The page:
Please use this identifier to cite or link to this item: http://hdl.handle.net/2440/111062
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Type: Journal article
Title: Impacts of near-future ocean acidification and warming on the shell mechanical and geochemical properties of gastropods from intertidal to subtidal zones
Author: Leung, J.
Connell, S.
Nagelkerken, I.
Russell, B.
Citation: Environmental Science and Technology, 2017; 51(21):12097-12103
Publisher: American Chemical Society
Issue Date: 2017
ISSN: 0013-936X
1520-5851
Statement of
Responsibility: 
Jonathan Y. S. Leung, Sean D. Connell, Ivan Nagelkerken and Bayden D. Russell
Abstract: Many marine organisms produce calcareous shells as the key structure for defense, but the functionality of shells may be compromised by ocean acidification and warming. Nevertheless, calcifying organisms may adaptively modify their shell properties in response to these impacts. Here, we examined how reduced pH and elevated temperature affect shell mechanical and geochemical properties of common grazing gastropods from intertidal to subtidal zones. Given the greater environmental fluctuations in the intertidal zone, we hypothesized that intertidal gastropods would exhibit more plastic responses in shell properties than subtidal gastropods. Overall, three out of five subtidal gastropods produced softer shells at elevated temperature, while intertidal gastropods maintained their shell hardness at both elevated pCO2 (i.e., reduced pH) and temperature. Regardless of pH and temperature, degree of crystallization was maintained (except one subtidal gastropod) and carbonate polymorph remained unchanged in all tested species. One intertidal gastropod produced less soluble shells (e.g., higher calcite/aragonite) in response to reduced pH. In contrast, subtidal gastropods produced only aragonite which has higher solubility than calcite. Overall, subtidal gastropods are expected to be more susceptible than intertidal gastropods to shell dissolution and physical damage under future seawater conditions. The increased vulnerability to shell dissolution and predation could have serious repercussions for their survival and ecological contributions in the future subtidal environment.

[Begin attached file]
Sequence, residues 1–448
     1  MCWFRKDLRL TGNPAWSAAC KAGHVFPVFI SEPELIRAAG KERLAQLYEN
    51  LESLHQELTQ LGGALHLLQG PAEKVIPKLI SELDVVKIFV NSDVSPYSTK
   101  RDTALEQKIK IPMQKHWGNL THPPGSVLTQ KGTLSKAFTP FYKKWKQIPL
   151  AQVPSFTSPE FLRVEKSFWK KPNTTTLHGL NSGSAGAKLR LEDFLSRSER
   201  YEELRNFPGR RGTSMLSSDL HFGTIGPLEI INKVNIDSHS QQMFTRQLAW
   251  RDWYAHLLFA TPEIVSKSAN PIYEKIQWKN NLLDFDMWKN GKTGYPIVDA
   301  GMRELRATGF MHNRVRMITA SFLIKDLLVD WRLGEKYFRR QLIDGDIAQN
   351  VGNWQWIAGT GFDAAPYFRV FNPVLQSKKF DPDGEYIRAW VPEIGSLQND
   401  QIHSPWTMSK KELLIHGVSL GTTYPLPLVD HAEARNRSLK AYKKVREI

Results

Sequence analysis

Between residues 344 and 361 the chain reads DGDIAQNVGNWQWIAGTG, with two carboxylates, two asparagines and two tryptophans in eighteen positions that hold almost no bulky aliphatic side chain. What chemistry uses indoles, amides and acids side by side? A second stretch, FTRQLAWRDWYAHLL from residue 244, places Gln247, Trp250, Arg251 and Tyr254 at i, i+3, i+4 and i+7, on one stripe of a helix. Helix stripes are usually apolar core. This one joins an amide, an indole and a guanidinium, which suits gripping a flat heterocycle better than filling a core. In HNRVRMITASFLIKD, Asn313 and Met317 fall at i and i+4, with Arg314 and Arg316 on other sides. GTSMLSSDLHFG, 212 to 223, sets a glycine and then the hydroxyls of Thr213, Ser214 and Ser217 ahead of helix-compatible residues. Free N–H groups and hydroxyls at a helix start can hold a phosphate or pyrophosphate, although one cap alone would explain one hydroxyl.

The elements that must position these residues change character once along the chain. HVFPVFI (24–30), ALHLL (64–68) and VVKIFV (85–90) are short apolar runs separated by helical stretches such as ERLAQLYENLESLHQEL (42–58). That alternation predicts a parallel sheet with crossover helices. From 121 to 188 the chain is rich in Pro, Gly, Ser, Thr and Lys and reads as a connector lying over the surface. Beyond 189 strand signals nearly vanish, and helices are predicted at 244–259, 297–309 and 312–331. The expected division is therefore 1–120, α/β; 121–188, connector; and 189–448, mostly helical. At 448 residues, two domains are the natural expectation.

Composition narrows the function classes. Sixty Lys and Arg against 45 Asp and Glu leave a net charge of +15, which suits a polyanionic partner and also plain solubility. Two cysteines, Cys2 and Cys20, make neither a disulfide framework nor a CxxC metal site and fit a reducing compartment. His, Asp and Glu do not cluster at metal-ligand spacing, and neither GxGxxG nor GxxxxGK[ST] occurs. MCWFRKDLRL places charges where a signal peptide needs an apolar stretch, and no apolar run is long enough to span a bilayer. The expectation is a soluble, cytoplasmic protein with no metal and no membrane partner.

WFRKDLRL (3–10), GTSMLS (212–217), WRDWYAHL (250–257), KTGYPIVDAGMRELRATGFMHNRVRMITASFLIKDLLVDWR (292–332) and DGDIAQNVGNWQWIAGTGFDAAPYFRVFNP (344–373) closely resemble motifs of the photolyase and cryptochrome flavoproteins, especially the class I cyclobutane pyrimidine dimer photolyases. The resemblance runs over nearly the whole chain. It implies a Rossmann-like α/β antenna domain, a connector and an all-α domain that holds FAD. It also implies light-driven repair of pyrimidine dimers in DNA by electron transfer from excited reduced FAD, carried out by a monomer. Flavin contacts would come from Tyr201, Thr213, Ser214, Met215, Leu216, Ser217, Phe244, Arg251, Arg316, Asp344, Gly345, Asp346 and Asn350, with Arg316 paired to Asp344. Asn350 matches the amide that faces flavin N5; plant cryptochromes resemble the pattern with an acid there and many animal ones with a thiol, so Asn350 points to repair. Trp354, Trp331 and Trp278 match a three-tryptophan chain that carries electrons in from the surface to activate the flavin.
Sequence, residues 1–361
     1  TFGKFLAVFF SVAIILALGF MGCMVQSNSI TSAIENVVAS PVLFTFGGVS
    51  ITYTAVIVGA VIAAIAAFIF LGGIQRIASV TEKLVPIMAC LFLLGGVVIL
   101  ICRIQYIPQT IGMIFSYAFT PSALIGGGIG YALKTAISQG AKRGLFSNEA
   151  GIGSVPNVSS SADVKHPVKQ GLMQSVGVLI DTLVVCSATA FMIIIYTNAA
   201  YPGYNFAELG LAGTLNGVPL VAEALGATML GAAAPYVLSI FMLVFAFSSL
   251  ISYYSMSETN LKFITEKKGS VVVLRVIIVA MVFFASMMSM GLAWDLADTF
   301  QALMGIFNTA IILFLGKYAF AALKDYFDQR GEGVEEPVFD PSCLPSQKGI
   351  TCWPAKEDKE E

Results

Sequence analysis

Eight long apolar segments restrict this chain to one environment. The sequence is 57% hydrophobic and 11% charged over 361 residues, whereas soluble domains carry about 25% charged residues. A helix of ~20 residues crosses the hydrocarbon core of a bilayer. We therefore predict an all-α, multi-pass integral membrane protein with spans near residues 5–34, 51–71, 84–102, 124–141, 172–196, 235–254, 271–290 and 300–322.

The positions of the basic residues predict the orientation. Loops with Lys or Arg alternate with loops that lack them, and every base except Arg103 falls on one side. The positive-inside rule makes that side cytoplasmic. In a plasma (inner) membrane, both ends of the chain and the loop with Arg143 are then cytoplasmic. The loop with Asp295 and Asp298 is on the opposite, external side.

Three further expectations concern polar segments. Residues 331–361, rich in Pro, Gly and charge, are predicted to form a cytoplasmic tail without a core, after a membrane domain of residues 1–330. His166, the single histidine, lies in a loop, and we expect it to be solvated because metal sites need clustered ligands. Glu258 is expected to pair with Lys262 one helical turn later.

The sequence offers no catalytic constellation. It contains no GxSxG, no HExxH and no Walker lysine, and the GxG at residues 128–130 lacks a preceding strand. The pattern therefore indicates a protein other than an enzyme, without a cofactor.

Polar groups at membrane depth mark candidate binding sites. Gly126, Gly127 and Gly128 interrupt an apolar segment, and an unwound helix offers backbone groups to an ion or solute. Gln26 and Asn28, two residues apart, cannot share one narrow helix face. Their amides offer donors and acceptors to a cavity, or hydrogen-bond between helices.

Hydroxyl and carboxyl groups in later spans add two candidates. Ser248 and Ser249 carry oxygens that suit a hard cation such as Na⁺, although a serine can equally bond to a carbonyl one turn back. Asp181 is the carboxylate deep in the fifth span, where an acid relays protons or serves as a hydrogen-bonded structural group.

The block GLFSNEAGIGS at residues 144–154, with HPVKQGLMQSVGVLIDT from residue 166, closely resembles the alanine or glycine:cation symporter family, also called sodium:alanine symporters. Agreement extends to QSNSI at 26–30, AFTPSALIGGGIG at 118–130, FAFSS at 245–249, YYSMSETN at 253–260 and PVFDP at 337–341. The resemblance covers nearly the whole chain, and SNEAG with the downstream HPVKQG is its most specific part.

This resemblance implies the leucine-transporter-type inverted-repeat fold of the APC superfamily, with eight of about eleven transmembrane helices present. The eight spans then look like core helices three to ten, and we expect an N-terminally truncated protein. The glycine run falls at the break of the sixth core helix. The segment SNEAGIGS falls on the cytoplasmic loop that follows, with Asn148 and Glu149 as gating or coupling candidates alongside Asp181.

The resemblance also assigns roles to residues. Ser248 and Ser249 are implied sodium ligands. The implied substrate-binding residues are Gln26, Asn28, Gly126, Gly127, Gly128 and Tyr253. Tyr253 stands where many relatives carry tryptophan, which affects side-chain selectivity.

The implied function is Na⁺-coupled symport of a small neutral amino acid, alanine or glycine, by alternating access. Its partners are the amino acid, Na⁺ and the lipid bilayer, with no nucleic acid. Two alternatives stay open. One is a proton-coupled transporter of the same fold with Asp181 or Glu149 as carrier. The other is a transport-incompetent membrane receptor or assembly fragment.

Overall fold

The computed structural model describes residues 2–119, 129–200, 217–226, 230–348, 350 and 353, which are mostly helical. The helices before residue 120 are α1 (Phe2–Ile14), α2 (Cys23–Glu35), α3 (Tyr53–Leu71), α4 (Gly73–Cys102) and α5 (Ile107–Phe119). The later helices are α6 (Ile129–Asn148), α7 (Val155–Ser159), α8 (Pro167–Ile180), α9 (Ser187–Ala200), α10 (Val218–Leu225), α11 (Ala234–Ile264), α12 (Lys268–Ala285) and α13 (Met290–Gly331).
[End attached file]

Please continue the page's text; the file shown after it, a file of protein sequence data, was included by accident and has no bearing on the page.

Keywords: Animals; Temperature; Seawater; Hydrogen-Ion Concentration; Gastropoda; Aquatic Organisms
Rights: © 2017 American Chemical Society
RMID: 0030076714
DOI: 10.1021/acs.est.7b02359
Grant ID: http://purl.org/au-research/grants/arc/DP150104263
http://purl.org/au-research/grants/arc/FT0991953
http://purl.org/au-research/grants/arc/FT120100183
Appears in Collections:Environment Institute publications

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